My Week: Jaya Murthy, Unicef Aid Worker

The Unicef aid worker describes the difficulties in getting food and medicine to refugees in Democratic Republic of Congo


Heavy fighting broke out yesterday between the Congolese army and the Tutsi rebels about 30km outside of Goma. Many people are dead and tens of thousands of people have been displaced and have had to flee to avoid the fighting. Some people have managed to find camps; others have sought shelter in churches and schools; others are just outside. People start arriving at our camp just outside of Goma and our first priority is to get clean water for them. I help to oversee setting up an efficient water trucking operation.


We set up a registration point for children who have been separated from their families during displacement. Often when people flee, families get separated and it makes children more vulnerable to abuse, exploitation and violence. We try to identify the children and trace their family name. If we can't find the children's families they have to stay with other families in the interim. Since Sunday we've identified about 200 children and 50 children have been reunited with their families. There are about 1,600 children whose family tracing is still ongoing.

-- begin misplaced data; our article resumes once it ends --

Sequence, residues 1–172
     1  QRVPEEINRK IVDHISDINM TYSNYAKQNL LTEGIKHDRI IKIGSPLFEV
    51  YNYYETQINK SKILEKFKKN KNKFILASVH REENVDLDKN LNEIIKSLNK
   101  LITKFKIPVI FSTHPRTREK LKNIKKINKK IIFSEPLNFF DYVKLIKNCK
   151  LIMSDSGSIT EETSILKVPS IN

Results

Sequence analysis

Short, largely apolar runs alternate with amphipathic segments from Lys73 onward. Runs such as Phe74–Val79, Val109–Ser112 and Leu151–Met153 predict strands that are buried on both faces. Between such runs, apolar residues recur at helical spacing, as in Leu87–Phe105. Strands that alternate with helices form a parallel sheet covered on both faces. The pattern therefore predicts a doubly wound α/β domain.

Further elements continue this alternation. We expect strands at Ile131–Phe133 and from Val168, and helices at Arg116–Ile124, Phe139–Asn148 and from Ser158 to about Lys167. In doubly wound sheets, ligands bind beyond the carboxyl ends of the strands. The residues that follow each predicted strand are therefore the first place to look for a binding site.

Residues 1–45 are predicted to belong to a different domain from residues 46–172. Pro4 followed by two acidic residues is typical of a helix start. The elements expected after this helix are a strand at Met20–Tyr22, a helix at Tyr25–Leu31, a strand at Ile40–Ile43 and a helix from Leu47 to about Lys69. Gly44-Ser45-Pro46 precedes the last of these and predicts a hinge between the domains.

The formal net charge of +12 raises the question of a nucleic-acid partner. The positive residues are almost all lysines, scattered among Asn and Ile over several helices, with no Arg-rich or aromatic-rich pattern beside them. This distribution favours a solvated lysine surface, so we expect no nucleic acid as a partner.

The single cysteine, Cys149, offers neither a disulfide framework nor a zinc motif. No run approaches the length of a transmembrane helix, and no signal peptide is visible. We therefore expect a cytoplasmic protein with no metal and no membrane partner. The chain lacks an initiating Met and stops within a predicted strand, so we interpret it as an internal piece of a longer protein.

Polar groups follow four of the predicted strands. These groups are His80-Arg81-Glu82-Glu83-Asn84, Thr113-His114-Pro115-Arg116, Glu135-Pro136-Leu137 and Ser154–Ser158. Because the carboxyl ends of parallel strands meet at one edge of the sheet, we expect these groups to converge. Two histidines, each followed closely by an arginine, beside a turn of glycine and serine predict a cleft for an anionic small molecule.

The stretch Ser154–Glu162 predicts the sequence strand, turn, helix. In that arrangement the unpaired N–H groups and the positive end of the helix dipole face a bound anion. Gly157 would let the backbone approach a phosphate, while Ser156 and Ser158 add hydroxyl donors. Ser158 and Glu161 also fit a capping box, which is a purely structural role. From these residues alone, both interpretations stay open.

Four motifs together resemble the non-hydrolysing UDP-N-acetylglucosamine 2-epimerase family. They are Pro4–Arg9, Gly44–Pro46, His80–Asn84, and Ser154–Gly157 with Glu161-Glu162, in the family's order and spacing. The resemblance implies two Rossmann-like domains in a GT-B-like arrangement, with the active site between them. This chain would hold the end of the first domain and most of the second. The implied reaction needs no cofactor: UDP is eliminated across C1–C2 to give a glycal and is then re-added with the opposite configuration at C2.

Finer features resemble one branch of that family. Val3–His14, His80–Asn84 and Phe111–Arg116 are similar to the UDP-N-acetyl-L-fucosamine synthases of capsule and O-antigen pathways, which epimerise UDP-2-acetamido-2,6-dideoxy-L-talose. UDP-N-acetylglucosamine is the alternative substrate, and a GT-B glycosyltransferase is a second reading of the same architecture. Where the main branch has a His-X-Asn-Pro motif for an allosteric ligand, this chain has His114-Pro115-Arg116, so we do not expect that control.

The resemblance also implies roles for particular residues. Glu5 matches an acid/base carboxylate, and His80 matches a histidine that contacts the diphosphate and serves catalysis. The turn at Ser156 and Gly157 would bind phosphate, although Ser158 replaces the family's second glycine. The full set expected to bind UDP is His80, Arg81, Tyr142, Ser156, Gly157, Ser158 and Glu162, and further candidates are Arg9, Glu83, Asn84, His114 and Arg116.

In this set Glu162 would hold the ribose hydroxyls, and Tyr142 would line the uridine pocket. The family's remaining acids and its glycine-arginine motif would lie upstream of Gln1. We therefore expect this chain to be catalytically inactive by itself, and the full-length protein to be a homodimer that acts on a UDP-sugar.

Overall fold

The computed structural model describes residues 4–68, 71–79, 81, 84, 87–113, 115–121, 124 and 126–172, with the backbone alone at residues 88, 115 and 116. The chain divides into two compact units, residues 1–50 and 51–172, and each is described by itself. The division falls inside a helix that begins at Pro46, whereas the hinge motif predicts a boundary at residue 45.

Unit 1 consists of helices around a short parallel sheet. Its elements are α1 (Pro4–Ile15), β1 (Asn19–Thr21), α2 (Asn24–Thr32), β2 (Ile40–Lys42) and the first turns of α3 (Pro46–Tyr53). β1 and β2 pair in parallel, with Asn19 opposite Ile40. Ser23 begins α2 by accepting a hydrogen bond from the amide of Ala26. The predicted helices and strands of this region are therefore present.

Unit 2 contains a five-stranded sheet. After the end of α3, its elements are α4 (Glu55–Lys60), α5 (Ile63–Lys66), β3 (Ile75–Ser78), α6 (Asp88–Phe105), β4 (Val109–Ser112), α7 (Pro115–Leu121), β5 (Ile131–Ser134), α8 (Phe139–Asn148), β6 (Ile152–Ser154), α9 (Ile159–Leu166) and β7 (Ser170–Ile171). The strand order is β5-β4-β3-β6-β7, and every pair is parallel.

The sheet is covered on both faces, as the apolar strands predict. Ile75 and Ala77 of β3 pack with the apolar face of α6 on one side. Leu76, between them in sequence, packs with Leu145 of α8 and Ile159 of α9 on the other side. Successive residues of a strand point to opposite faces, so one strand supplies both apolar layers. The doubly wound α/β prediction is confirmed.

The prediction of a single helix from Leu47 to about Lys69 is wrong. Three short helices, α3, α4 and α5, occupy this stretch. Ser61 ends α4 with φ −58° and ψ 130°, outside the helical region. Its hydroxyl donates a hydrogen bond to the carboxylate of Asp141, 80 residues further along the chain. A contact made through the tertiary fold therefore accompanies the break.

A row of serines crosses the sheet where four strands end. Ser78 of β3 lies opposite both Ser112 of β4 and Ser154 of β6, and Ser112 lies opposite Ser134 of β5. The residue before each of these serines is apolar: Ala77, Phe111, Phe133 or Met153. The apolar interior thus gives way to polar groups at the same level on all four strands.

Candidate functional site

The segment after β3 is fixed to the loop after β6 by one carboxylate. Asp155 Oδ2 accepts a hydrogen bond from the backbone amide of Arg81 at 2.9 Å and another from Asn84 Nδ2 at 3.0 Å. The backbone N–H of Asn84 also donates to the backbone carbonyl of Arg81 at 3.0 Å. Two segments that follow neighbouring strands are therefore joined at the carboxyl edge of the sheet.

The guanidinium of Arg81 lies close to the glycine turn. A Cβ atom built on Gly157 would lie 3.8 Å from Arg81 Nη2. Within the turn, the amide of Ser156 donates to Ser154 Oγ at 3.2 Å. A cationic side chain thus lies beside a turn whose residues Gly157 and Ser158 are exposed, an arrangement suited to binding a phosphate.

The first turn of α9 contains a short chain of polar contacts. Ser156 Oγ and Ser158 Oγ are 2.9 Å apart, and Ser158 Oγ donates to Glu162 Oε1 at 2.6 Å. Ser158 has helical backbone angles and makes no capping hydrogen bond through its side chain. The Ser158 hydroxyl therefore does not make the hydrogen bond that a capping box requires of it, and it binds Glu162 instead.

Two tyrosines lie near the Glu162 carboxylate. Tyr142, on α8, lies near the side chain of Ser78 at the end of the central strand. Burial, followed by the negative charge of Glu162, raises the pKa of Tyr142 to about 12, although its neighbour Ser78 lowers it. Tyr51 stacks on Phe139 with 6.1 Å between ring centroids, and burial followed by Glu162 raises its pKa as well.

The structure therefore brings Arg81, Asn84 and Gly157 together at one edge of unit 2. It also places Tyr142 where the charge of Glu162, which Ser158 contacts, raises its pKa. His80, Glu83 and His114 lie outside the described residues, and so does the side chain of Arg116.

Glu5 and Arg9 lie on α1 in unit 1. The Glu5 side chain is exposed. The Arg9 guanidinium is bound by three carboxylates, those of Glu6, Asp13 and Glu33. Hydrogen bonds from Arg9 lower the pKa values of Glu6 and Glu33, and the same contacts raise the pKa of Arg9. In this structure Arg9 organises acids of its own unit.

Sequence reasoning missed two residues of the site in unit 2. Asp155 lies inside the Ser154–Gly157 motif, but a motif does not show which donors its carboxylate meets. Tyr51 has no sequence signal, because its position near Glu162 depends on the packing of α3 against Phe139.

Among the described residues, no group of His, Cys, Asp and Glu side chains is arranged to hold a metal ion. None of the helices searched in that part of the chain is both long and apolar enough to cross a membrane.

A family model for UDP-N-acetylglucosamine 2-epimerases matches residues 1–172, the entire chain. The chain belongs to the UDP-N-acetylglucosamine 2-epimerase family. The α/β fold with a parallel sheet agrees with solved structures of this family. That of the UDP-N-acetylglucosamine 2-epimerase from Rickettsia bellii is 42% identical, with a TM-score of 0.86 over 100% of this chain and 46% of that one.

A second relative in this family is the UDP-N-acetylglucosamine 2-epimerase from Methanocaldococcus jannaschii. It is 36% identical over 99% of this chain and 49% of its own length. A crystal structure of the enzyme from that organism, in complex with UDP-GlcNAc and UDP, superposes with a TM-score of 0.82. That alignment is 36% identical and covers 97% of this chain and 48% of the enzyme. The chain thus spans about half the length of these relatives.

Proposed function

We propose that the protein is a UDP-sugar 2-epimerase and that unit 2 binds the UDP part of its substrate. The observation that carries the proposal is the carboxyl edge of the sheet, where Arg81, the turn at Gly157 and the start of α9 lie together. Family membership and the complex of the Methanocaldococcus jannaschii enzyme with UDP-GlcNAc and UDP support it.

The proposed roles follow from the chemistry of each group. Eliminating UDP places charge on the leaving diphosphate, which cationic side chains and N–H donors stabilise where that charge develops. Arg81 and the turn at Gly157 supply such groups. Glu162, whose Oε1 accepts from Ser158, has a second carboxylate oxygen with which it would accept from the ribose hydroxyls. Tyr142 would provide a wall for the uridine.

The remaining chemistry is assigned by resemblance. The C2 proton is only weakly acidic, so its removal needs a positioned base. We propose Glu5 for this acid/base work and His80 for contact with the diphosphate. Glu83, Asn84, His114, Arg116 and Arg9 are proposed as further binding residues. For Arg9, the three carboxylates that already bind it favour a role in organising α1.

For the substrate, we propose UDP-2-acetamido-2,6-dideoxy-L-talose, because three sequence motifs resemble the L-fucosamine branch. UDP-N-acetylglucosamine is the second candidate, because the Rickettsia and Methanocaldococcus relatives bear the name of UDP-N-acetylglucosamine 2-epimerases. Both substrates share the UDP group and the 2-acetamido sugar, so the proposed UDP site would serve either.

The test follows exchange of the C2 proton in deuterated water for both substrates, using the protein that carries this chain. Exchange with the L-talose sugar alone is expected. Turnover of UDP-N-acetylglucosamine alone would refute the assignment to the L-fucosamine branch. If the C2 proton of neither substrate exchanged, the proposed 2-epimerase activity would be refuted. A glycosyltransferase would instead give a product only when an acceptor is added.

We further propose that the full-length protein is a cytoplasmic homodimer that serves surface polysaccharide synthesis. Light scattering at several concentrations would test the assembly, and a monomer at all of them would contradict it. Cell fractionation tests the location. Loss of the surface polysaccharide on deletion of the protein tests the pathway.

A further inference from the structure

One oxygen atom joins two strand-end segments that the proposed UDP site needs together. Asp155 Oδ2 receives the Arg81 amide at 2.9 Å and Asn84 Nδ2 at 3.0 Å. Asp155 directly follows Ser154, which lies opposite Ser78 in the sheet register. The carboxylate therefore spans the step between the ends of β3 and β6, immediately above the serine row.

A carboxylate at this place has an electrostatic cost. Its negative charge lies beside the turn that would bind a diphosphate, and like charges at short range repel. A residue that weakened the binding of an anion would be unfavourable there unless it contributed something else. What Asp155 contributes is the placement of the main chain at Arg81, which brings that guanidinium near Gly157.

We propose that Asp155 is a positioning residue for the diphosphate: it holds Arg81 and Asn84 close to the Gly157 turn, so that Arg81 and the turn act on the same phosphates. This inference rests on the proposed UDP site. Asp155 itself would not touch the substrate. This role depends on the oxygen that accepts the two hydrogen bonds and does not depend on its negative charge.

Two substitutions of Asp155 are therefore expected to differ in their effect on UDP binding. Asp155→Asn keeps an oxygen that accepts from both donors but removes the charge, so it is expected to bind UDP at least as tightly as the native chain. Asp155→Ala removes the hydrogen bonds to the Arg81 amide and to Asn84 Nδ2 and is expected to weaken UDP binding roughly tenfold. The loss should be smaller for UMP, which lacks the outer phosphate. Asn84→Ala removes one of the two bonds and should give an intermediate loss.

We evaluate the situation to see what other needs there are so we can plan responses. We realise we need to get emergency measles vaccinations for the children. After displacement, children are obviously far more prone to malnutrition which makes them incredibly vulnerable to contracting diseases. I help to oversee the distribution of high-energy biscuits and set up a feeding centre. We have huge warehouses of supplies here so we're well prepared. In the afternoon things change and the Congolese army retreats into Goma. Hundreds of thousands of people who were outside Goma follow them, which brings great instability and insecurity. Shootings begin all over the city. We have to suspend our emergency operations and we're close to being evacuated. Reports of killings and rapes in the city come through.


There is a ceasefire today and government negotiations take place, so it's much calmer. But our operations are still suspended. It's very frustrating to just sit around and wait. We feel very helpless.


The ceasefire is continuing to hold and we find a small window of opportunity to go to the camps outside Goma to provide emergency assistance. It's very chaotic. There are thousands of people at the distribution point when we arrive, all craving assistance. It's a desperate picture. We organise enough medical supplies to help 24,000 people over the next week and again try to maintain clean water supplies. Things are calmer but we will be following the situation closely. Thousands of children are relying on us.

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